The Internet has evolved into an omnipresent force shaping, or destroying, all that swims in its wake. There had been a time back in the early 1990s when the dream of an information superhighway
was greater than the promises of the Internet. A place where families could connect via teleconference to a
remote doctor or where a class could be taken on the opposite coast. Perhaps I am a romantic looking longingly at the past promise of the superhighway. But today's push into
cross-platform analytics seems to me to be the gateway to the information superhighway.
The hardened silos of the Internet, mobile and TV have instilled belief systems inside the industry
that have made true disruption nearly impossible to identify. It is easy to look at today's Internet as an efficient delivery system. But our hard-wired business processes -- born from the silos
--hide the fact that the Internet is really just a patchwork of non-communicating technologies stitched together. If the Internet and TV remain as independent data silos then all forms of
communication will continue to be "patchwork" solutions. This is why cross-platform initiatives are so important not only to our industry, but also to the very future of our country's
During the 1980s and 1990s the common vision for the information superhighway was that fiber optic networks would be the backbone. Today, while the
infrastructure of fiber and coaxial is here, absent is a protocol to link TV and the Internet (cross platform). Cross-platform "clicks" -- remote clicks from TV which are then captured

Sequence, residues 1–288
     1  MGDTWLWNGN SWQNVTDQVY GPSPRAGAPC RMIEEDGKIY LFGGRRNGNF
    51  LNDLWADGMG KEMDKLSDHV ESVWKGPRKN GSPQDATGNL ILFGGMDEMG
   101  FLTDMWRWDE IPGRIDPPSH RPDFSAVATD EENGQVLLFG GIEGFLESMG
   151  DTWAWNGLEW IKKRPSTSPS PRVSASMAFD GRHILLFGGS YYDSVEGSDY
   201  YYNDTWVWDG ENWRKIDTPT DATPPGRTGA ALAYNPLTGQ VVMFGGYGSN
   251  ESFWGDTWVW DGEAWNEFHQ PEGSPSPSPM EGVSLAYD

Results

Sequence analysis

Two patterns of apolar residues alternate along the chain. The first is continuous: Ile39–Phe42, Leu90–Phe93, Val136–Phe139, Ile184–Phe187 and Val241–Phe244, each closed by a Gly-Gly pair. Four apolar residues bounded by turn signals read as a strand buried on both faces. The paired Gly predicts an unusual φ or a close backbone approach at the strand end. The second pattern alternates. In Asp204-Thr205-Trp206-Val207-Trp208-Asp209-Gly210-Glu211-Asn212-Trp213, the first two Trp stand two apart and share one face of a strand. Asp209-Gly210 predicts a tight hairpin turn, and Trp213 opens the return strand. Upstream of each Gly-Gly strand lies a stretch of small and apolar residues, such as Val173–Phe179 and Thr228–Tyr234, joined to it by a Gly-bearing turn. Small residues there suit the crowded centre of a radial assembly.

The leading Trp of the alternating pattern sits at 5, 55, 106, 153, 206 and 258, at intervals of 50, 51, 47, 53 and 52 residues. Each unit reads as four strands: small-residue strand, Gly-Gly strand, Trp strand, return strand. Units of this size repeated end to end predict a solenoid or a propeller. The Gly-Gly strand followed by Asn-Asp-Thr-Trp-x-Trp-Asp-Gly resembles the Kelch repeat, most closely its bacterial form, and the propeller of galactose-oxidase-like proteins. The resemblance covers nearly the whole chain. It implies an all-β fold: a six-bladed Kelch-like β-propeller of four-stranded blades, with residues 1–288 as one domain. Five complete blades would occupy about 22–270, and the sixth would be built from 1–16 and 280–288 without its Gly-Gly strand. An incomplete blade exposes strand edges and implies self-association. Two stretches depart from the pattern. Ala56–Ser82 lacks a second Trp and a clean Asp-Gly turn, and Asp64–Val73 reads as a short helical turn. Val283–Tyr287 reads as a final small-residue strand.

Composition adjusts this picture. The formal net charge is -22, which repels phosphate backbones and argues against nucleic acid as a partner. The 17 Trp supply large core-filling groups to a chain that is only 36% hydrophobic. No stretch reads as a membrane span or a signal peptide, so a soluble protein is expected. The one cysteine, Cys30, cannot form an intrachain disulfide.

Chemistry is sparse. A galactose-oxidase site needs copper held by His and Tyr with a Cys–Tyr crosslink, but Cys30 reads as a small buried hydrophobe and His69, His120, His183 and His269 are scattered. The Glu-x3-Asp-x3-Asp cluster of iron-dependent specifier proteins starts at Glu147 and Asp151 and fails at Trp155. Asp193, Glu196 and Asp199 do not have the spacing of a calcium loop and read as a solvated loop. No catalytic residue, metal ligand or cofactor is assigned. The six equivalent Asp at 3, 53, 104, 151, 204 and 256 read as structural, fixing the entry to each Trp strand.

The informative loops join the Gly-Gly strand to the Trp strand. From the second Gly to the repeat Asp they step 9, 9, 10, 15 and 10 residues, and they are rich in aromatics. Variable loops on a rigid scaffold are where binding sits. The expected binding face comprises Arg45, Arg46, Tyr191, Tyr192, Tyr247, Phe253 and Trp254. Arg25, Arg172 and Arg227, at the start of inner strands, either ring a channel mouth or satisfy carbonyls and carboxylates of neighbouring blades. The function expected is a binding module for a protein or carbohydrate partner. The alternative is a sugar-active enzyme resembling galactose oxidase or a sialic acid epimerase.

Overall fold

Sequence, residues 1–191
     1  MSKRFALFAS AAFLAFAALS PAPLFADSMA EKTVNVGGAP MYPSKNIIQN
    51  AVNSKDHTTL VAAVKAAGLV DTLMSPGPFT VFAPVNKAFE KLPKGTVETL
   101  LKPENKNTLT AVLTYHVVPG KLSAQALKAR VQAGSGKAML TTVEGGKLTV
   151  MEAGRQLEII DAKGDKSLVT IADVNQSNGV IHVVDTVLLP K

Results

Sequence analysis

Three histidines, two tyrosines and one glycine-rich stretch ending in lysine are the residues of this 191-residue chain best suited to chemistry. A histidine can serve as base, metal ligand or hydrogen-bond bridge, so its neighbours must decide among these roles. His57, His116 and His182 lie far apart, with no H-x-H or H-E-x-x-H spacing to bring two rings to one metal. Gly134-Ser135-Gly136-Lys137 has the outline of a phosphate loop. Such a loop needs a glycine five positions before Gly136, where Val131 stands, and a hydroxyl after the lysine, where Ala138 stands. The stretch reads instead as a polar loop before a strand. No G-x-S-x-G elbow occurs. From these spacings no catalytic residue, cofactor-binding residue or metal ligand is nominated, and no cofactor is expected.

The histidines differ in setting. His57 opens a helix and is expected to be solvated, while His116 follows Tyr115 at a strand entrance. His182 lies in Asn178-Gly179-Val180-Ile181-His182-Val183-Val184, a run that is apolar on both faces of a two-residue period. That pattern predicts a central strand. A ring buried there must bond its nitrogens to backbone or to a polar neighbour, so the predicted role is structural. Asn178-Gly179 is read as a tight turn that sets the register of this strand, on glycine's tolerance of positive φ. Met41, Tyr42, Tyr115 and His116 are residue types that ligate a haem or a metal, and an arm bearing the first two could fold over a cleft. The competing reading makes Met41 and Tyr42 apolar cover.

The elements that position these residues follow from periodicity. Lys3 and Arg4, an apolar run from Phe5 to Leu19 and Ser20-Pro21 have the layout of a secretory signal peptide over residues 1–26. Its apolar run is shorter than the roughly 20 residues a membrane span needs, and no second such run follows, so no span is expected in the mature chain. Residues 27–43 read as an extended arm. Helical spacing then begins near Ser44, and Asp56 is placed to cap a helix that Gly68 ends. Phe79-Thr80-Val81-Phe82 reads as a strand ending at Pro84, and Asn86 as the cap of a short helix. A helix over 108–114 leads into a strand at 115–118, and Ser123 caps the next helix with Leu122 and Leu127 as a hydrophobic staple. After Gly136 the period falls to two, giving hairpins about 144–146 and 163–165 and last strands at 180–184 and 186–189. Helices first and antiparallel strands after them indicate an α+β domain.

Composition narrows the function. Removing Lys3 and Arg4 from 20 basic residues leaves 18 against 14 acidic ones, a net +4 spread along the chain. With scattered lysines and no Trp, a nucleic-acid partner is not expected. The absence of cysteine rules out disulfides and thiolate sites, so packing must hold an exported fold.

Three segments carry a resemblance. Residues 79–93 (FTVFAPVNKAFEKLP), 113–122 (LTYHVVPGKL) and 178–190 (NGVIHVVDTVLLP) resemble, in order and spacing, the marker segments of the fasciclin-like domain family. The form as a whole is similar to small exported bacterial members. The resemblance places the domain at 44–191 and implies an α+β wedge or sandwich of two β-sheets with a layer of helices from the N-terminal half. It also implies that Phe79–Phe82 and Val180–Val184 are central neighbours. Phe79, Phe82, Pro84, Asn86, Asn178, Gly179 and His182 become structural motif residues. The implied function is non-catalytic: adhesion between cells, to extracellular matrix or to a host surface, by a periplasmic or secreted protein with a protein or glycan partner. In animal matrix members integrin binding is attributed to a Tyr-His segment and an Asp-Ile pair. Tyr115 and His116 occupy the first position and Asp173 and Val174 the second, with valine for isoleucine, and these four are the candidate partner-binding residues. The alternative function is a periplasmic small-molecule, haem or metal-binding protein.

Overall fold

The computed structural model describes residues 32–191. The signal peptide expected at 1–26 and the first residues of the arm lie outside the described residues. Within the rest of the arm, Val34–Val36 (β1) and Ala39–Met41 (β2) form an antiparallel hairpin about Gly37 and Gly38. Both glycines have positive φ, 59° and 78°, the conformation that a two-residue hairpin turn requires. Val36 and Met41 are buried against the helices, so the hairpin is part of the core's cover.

inside the Internet -- open the potential for billions of "click" messaging combinations, thus providing an addressable and privacy-compliant experience for all consumers. Cross-platform
linking is, at its core, the foundation of the information superhighway.
I have tremendous passion for our industry. I am not blinded by my passion, but rather I feel empowered by it.
Commerce and advertising-- embedded in video and Internet content -- will be at the intersection of the information superhighway. The advertising and media industries are also found at these same
crossroads. By default, it is our job, therefore, to collectively become passionate about cross-platform technologies.
The industry has put its toe in the cross-platform water
through the Coalition for Innovative Media Measurement (CIMM
). Hopefully CIMM will discover that linking the television platform to the Internet will
provide stable metrics for decades to come. Cross-platform linking will also bring efficiency to message delivery and provide consumers an even deeper emotional connection to television content.